Spokane Journal of Business

Roth investing could curb future tax exposure

Fixed versus ARM loan analogy helps to decide

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Do you have, or are you considering using a traditional or Roth Individual Retirement Account or 401(k) to help fund your retirement? Do you ever wonder which is best or makes the right sense for you? Is it better to go with the Roth concept and make after-tax contributions and get tax-free income down the road, or is it better to make tax-deductible contributions with a traditional IRA or pre-tax contributions with a 401(k) now, let the money grow tax deferred, and pay taxes in retirement at the time of withdrawal?

I often use an analogy with my clients to help them make better sense of things. The analogy goes like this: If they are buying a home, or are about to, I ask them which kind of loan they think makes better sense for them—a fixed loan of 15 to 30 years with a level guaranteed interest rate, or an adjustable-rate mortgage.

Almost always they say they want the fixed one. When I ask why, they always say because they want to know exactly what they are getting and do not want the lender having the right to simply and arbitrarily raise their interest rates down the road. Makes sense, right? Most people feel this way.

I emphasize and remind my clients, with traditional 401(k)s and IRAs, their tax rates will be based upon the tax rates that are in place at THAT time by the government. Traditionally speaking, people have used this strategy, because it was thought that when you retire, you will be in a lower tax bracket. Really? Says who? Who has a crystal ball?

I also remind them how the Roth concept works, where they make contributions with after-tax money, and as long as they are at least 59½ and have had the account for at least five years, they can pull both their principal and the gains/interest earned 100 percent income tax free.

What we do know is that right now—and it’s been that way for a while—we are historically in a really low tax period, compared to other times in our history. For example, around 1944-1945, the highest bracket was over 90 percent. From 1951 to 1964, the highest bracket was right at about 90 percent. From 1969-1980, the highest bracket was about 70 percent the whole time.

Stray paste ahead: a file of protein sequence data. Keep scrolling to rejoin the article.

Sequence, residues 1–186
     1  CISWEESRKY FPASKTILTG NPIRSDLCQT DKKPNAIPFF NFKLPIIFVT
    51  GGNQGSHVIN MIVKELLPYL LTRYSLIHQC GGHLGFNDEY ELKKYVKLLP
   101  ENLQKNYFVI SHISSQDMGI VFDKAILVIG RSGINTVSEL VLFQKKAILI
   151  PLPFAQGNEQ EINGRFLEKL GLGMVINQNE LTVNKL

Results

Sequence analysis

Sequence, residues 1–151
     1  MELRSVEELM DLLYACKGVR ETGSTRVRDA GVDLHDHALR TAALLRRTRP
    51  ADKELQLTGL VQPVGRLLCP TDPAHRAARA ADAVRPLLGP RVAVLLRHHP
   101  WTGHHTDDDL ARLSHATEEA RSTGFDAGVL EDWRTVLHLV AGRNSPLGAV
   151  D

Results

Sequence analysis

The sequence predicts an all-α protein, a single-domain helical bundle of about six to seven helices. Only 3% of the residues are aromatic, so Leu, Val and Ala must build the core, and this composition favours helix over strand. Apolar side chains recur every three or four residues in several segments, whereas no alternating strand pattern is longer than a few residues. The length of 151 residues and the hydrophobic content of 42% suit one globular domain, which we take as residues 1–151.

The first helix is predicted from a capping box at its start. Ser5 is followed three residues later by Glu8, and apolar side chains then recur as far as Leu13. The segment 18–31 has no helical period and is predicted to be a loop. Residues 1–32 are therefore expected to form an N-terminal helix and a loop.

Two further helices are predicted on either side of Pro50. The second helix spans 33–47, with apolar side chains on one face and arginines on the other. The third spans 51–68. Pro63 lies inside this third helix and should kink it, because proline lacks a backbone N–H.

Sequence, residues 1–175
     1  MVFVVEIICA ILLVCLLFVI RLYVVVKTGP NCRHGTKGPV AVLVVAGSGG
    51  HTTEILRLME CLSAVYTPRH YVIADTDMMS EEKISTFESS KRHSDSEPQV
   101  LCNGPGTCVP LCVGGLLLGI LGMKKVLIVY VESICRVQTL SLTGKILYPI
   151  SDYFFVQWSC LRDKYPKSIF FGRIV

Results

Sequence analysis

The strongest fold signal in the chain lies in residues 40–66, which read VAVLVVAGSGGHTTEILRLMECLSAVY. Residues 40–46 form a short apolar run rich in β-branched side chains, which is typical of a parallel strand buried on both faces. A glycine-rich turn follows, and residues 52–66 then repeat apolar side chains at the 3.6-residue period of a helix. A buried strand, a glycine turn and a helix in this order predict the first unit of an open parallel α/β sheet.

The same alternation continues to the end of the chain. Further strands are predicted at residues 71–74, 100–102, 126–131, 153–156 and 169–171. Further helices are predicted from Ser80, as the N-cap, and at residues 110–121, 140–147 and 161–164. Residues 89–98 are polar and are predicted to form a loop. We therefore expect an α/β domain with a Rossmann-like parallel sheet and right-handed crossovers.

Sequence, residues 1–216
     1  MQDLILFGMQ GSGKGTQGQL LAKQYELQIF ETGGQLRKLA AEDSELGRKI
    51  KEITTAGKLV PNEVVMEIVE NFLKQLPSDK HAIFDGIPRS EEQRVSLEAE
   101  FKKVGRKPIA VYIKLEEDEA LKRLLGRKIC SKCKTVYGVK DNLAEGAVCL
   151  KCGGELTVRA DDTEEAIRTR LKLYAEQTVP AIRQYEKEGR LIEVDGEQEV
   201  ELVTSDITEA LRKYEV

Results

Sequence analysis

Who’s to say, with our country being trillions of dollars in debt, taxes won’t again go sky high some day? If they do, is that when you will want to be pulling money out of that traditional 401(k) or IRA? Probably not, right?

But if you are at the age of 70½ and older, you must take a required minimum distribution, and if you don’t, the government will add insult to injury by not only making you pay the tax, but also adding a 50 percent penalty on the amount that should have been withdrawn.

The point is this: If you don’t want a flexible, adjustable-rate mortgage to prevent your lender from significantly raising your interest rates on your home loan, then why would you not want to apply this same philosophy to your decision on whether to use a traditional or Roth 401(k) or IRA?

For those who have the fortunate problem of making too much money to contribute to a Roth IRA, but still desire to do so, they may wish to take a serious hard look at using a specially designed indexed universal life insurance policy as a powerful alternative. In addition to providing a tax-free death benefit, such policies can accept large contributions without all the same restrictions and create substantial tax-free distributions. In addition, they can provide the upside of stock indexes like the S&P 500 without any of the downside market loss on a guaranteed basis.

Every person’s situation is different, of course, and one should look closely at things with their trusted insurance and financial advisers and accountants.

Todd Radwick, president of Radwick Financial Group LLC, of Winthrop, Wash., is an insurance and financial adviser and a 24-year industry veteran. He can be reached at 509-996-3425 • radwickfinancial.com • todd@radwickfinancial.com

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